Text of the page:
Your brain perceives negative stimuli more rapidly and easily than positive and even stores them differently. We recognize angry faces more quickly. We overestimate threats and underestimate opportunities and over-learn from bad experiences while under-learning from good ones. In your brain, bad beats good every time. Over time, these negative experiences make your brain even more sensitive to the negative and more easily alarmed and reactive.

While this trait helped our ancestors survive, it can leave us depressed, stressed, worried, and worn out today. In the book Hardwiring Happiness: The New Brain Science of Contentment, Calm, and Confidence, Rick Hanson writes:

Your brain is like Velcro for negative experiences but Teflon for positive ones.”

You can counteract your brain’s negativity bias by making it a point to notice, savor, and remember positive experiences to make them stick in your mind and heart longer. You do this by mindfully staying in the moment. Being present mindfully helps deepen your enjoyment and understanding of each experience as you live through it.

In positive psychology, stopping to smell the roses and appreciating the moment is the key to happiness. Research reveals the people who take the time to appreciate positive moments were 12 percent likelier to report satisfaction with their lives.

5. Sweat It Out

People who work out often link the rush of exercise with increased levels of satisfaction in their daily lives. You probably already know that exercise improves your brain and mental health and makes you happy.  But did you know that working out can positively affect mood and emotions quickly and in the long run?

Research found that a mere 20-minute workout can produce mood benefits that last as long as 12 hours. A study from Penn State University found people who worked out that day were more productive and happier.

An 11-year-long 2016 Harvard study showed that participants with greater levels of psychological well-being sustained higher physical activity levels over the course of the study. Previous studies noted that those with greater positive states of mind were likelier to work out. Research linked positive emotions to healthy behaviors, such as exercise. It’s a win/win.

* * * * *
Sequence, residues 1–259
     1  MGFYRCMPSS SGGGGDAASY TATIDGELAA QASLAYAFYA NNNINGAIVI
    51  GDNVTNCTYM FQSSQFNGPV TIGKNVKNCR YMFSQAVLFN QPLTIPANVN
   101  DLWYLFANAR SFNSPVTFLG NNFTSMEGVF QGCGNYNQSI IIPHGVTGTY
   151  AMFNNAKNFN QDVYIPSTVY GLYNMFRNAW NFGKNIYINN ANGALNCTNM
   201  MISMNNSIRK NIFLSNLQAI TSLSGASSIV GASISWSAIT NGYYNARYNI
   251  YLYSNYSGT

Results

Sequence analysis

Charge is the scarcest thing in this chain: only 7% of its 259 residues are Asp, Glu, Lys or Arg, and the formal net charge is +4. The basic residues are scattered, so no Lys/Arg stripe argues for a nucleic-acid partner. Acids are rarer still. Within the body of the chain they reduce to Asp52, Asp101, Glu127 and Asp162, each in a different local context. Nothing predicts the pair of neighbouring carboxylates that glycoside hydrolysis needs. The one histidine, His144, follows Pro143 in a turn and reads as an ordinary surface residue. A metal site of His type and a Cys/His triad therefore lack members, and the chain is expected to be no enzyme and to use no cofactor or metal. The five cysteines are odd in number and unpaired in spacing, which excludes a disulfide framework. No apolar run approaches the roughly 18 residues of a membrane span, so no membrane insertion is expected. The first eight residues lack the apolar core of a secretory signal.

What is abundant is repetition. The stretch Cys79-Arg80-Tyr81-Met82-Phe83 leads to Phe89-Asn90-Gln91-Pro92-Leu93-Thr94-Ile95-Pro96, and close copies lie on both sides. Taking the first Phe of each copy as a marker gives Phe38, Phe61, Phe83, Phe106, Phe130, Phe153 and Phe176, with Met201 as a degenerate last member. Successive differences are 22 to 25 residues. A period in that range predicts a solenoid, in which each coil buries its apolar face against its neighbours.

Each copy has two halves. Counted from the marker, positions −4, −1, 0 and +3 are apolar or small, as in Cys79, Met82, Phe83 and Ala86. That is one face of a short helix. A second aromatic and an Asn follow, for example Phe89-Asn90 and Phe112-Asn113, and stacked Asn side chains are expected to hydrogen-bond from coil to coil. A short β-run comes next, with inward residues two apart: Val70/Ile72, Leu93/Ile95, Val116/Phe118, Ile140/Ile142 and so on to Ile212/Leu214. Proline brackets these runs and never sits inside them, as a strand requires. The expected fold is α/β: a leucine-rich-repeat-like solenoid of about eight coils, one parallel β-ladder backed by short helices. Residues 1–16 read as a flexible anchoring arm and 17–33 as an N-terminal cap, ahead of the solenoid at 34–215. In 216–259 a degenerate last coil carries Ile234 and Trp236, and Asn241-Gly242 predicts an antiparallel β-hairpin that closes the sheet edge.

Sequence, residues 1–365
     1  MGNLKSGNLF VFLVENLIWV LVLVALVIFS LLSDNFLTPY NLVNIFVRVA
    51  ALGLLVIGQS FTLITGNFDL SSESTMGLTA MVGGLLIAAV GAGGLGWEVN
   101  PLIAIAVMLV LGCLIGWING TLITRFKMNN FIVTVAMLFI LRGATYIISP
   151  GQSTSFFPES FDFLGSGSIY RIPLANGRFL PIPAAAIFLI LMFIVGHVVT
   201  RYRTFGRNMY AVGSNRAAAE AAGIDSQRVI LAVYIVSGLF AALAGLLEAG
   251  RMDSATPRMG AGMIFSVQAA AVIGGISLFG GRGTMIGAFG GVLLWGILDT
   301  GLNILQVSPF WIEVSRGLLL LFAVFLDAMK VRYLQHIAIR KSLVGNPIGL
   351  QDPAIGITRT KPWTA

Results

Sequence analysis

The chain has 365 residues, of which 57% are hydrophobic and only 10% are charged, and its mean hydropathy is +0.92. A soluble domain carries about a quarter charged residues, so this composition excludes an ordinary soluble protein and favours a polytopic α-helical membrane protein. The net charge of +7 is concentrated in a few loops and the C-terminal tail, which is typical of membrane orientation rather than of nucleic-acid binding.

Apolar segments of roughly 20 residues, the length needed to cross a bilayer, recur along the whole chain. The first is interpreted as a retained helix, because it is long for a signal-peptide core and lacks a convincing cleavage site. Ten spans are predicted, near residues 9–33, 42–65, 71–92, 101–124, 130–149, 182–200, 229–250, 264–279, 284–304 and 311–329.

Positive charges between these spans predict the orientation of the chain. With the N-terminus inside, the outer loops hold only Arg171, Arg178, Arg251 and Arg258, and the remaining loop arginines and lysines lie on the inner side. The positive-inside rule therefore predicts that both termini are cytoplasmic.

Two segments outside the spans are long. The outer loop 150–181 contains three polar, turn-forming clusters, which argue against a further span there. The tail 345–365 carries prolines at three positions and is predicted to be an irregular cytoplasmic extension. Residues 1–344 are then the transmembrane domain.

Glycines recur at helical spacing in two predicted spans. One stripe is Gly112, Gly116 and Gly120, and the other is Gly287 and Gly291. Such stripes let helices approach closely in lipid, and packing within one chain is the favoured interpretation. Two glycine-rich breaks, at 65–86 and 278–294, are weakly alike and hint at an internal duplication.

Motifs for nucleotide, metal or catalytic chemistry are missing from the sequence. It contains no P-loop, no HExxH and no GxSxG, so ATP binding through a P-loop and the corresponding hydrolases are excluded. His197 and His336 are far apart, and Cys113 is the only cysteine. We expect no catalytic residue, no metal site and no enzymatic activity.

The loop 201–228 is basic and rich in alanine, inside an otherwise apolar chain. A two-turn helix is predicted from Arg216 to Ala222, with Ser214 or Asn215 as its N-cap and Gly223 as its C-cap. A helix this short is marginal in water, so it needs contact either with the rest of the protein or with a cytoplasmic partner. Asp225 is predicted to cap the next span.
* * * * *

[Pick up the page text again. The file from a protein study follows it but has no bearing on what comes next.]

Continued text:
6. Just Dance

Like music, dance defines many cultures as an intrinsic language of communication and an active form of expression for the self. You can dance by yourself or with others to form inner and outer connections with the world.  Research shows that getting your groove on has brain benefits — improving social skills, lifting your spirits, even reversing depression.

In one study at the University of Derby,  depressed patients given salsa dancing lessons improved their moods significantly by the end of the nine-week course. Researchers credit the endorphin boost of the exercise, plus the social interaction and extreme concentration, a kind of “mindfulness”, that dancing requires. Dancing also increased self-confidence from learning a new skill.

Another study from the University of London indicated participants who suffered from anxiety felt happiest when taking a modern dance class more than any other kind of class, such as music, math, or exercise. Dancing works effectively to boost happiness by stimulating different areas of the brain simultaneously, engaging the musical, kinesthetic, rational, and emotional parts in unison.

Don’t go looking for happiness — make and experience it every day. Savor the positive moments, and refocus your attention on what is going to make you happy. Take a moment to breathe mindfully — whether you chant or not. Spend time in nature, and get your body moving by exercising and dancing.

It won’t do much good to stress yourself out and try to squeeze all of these in one day. However, do try to fit something in each day that is going to help your brain tilt towards happiness. In no time, you’ll have trained your brain to be happier and learned more about yourself in the process.

Happiness is just a moment away.

Contributing Author

Kayla Matthews writes about wellness, productivity and stress in the modern world for websites like MakeUseOf, BioMed Central, and The Huffington Post. To read more posts from Kayla, subscribe to her blog, Productivity Theory.

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  1. Love these! I’m all for coming into the present moments and spending time in nature. It was interesting to learn about how getting out of our comfort zone helps.

  2. It’s great to know that these tips are all backed by Science. Training the brain to be happier is a daily practice that will be wonderful to commit to. I rather enjoy the tip on leaving our comfort zone. We may think we feel happier being in the comfort zone but it is when we learn and grow that happiness can be found.

  3. Love all of these , nature is so powerful i believe and today I drew the Nature card for the day 🙂 These are all simple ways that empower both our heart and our mind xxoo

  4. I’ve always found nature was a great booster of spirits Debbie. Be it trees, chirping birds, gentle meadows or rolling hills. Which is why England still fills me with joy each time I return.

    And it isn’t something I seek, it’s simply something my soul responds to.

    There are so many great points in this article it was a joy to read.